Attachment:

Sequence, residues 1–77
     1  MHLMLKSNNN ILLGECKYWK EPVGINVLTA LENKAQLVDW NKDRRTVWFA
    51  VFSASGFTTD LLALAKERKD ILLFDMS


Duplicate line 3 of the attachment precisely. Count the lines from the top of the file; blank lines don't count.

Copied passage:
    51  VFSASGFTTD LLALAKERKD ILLFDMS